At Startup Weekend Seattle this past weekend, the team used Subversion for its source control needs. It’s a robust, stable, and usable product. I have zero complaints with it whatsoever – in isolation.
But today I’ve been wondering if the CVS/SVN locking model maybe is bad from a Continuous Integration perspective. Here’s the scenario I’m thinking of:
Andy makes changes to two files:
Where the change to frontend1.cs depends on the changes to lib_component.cs. Andy commits and everything is fine.
Then, Bobby makes changes to two files:
- lib_component.cs // same file Andy just changed
Again, Bobby’s front-end changes depend on the simultaneous change to lib_component.cs.
If SVN can’t resolve Bobby’s edit to the library component, then the CI build that follows Bobby’s checkin is going to fail. Now, you could argue that it’s Bobby’s fault for not making sure to work from the latest version of lib_component.cs, but in a fast environment, with commits happening fast and furious, it may happen.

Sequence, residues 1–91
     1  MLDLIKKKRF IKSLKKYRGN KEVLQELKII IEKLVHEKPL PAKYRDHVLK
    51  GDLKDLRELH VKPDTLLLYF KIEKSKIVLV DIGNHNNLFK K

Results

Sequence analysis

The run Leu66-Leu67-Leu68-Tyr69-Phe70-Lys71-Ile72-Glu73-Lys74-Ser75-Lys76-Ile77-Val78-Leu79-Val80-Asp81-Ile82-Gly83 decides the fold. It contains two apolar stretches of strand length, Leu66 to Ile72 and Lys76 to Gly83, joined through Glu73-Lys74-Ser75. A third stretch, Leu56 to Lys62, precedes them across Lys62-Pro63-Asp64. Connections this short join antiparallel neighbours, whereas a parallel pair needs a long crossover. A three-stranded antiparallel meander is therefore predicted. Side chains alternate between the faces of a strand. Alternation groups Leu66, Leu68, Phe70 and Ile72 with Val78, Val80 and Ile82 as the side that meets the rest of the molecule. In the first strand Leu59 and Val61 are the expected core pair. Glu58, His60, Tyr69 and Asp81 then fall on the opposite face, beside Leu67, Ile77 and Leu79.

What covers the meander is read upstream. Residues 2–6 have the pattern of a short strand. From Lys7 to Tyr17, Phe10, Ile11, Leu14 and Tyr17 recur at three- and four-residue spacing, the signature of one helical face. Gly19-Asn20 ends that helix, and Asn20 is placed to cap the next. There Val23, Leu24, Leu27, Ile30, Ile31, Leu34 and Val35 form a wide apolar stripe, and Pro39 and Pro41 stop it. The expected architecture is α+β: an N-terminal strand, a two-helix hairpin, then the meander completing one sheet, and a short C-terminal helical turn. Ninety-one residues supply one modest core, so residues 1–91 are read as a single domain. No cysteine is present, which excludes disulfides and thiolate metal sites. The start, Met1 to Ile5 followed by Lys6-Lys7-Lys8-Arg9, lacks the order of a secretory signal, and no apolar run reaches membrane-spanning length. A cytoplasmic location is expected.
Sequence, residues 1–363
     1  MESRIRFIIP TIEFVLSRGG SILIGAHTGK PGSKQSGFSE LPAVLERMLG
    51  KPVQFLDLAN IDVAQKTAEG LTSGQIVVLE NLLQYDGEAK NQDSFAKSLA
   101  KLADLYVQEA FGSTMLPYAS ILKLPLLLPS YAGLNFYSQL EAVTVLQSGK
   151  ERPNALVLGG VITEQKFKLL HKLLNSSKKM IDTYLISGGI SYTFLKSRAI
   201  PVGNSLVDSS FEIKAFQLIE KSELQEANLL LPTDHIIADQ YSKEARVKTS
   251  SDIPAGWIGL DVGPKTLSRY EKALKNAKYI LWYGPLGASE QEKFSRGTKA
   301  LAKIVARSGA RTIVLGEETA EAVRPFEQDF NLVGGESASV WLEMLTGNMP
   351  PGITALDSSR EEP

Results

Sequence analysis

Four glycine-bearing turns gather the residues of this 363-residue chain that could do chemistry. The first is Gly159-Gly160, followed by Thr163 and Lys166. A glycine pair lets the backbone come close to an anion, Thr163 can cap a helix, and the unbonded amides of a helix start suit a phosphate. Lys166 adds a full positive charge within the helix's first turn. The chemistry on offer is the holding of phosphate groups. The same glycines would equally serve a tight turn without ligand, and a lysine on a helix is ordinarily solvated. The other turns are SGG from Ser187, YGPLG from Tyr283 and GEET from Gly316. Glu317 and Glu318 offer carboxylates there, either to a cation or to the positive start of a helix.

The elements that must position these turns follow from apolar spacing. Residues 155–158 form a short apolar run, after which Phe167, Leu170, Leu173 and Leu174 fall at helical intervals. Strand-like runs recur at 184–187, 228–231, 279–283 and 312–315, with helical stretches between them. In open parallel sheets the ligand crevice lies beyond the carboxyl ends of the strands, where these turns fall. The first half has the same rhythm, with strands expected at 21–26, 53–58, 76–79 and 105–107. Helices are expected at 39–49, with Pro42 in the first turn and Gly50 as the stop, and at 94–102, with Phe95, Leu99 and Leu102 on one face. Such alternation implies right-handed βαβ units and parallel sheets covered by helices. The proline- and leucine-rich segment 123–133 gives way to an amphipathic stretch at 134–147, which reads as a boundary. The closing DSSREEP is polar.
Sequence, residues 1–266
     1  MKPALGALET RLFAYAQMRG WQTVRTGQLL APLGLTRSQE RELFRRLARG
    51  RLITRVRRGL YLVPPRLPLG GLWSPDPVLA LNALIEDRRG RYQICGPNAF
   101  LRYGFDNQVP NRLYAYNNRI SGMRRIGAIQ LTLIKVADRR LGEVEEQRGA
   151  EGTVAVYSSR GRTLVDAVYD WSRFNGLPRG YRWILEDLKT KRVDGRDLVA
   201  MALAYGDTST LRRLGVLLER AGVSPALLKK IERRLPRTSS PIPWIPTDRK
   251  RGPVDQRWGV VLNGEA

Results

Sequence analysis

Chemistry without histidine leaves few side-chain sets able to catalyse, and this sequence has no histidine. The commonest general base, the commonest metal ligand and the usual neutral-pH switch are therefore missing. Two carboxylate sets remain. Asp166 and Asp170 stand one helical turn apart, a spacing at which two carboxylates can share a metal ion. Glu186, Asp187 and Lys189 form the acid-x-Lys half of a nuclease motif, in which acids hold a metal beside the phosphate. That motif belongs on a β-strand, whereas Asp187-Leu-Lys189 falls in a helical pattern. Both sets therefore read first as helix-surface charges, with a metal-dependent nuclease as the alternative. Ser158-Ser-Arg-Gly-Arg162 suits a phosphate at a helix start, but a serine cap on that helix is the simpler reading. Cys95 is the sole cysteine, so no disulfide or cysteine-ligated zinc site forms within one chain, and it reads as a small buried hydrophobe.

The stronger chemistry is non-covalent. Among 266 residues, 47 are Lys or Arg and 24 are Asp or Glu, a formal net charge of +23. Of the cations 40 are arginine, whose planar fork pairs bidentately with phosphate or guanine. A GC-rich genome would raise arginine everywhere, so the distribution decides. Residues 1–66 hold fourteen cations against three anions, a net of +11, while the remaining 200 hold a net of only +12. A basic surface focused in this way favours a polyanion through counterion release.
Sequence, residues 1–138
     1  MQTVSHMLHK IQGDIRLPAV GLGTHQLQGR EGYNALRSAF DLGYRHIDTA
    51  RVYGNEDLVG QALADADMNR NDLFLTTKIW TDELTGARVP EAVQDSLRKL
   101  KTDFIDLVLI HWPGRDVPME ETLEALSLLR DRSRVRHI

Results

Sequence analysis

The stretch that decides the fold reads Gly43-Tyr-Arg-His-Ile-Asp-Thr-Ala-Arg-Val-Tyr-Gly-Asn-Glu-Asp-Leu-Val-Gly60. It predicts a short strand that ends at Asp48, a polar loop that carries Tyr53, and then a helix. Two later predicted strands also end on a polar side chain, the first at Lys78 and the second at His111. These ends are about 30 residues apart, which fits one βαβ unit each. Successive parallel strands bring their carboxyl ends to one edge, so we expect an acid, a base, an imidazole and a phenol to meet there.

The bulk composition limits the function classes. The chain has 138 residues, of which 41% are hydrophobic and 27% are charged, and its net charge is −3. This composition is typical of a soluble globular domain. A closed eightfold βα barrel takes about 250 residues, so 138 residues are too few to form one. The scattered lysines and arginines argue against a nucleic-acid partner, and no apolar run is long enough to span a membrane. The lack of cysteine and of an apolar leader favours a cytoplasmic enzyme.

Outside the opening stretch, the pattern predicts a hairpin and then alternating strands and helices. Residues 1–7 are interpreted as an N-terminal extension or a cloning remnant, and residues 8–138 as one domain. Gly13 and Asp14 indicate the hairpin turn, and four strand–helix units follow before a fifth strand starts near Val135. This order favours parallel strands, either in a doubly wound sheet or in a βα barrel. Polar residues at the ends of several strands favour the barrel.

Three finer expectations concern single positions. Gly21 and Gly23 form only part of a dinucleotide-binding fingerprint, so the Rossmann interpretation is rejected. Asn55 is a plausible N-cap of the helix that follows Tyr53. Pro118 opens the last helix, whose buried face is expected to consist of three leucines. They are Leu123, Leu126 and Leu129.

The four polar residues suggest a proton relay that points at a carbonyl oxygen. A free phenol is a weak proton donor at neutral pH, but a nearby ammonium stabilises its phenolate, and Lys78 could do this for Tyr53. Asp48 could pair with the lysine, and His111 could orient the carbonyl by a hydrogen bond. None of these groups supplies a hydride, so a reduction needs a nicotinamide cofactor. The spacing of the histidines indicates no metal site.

I suppose it depends on what percentage of times you’ll get stuck with a merge that Subversion can’t handle automatically. In practice, this might be a low number.
My gut tells me that if we had CI up and running at Startup Weekend Seattle, it would have been sending broken build notification errors more often than it would have been sending success messages.
Am I way off base here with my thinking?